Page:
Gallery Vertigo is moving on to new location
For the past 15 years, its brick exterior and storefront display has welcomed many to climb the stairs and see what’s inside.
Housed in the historic Winnipeg Union Bank building on Vernon’s 30th Avenue, Gallery Vertigo has not only offered a creative space for artists to work, it has opened its doors to those needing a cultural outlet, whether taking in an exhibition, concert or literary reading, or partaking in a class or workshop.
It’s always been a safe and inviting place for those to enjoy arts and culture. And it remains that way, even though the gallery’s physical presence is about to change.
Yes, Gallery Vertigo is moving.
“We have spent the last year looking for suitable spaces and of all the places we have seen, this new one has the most potential,” said Brigitte Red, secretary with the non-profit North Okanagan Artists Alternative (NOAA), which runs the gallery. “We are making people aware that we are still here.”
The move to the new location comes after the sale of the Winnipeg Union Bank building more than a year ago. The gallery was informed then that the new owner planned to turn the space into a private residence. However, those plans were put on hold and the gallery was able to stay at the location until two months ago, when told the lease would be ending March 1, said Red.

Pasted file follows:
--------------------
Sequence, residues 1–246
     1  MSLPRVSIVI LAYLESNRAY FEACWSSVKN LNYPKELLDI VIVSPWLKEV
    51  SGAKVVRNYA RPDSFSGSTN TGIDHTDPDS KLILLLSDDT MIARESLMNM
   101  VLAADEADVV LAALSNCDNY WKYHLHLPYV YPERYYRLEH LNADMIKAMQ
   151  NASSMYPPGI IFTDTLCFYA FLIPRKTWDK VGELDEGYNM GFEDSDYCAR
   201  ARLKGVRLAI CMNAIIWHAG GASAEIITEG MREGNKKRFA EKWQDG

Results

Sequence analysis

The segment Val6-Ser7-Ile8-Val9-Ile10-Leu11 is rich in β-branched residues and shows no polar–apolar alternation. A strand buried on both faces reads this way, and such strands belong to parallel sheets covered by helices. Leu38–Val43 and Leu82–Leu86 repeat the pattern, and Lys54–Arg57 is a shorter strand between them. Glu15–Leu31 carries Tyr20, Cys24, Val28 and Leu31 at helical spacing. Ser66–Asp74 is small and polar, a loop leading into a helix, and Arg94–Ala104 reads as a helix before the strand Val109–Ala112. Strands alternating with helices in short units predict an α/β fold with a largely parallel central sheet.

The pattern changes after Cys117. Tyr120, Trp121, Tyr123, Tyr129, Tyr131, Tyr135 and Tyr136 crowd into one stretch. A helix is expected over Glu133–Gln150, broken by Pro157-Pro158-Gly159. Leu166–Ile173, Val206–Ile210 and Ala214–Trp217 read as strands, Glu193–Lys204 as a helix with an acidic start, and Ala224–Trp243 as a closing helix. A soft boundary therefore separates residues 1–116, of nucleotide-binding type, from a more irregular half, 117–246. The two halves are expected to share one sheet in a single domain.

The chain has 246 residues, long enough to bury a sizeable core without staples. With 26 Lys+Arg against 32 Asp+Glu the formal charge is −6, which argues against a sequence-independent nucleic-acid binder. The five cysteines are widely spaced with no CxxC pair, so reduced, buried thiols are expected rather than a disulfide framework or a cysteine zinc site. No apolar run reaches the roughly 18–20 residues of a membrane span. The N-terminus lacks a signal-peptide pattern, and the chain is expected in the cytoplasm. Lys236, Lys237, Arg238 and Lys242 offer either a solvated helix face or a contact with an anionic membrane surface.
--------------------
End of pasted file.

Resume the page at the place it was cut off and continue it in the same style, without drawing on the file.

The election of a new NOAA board put the search for a new location into overdrive, and it was while some members were driving around downtown that they saw a for lease sign on a storefront located beside the A&E Community Market and Consignment Centre on 28th Avenue.
“Measuring 2,300 square feet, the new space is on the street level so there’s no stairs to worry about,” said Red. “It also has a large storefront and storage space for our permanent collection. There is room for a sitting area and a research area where people can go through our large collection of art books.”
The large front room, which will be used as the exhibition space, also features a stage, which will support performances, while the large open-plan back room has enough space for six artist studios.
“The new board is very proactive, is working on completing our strategic plan, and there are plans in place to revive some of the programs that were once a cornerstone of Gallery Vertigo,” said Red. “Moving to this new location will also help in our ability to do some innovative art such as videography.”
The NOAA is currently getting the new gallery space ready for its big fundraiser, the Almost Famous auction Feb. 26, and is seeking help from the community.
“So far Cloverdale Paint and Cal Richardson with Totem Painting have helped with some of the painting work needed, however, those with carpentry skills are required to help build walls, while some minor plumbing work is also needed,” said Red. “We are also hoping there are some building suppliers willing to donate some supplies. We plan to replace the current lighting with track lighting so a journeyman electrician willing to offer his services would also be of great help.
“The public can also help by coming to our fundraiser and buying a ticket.”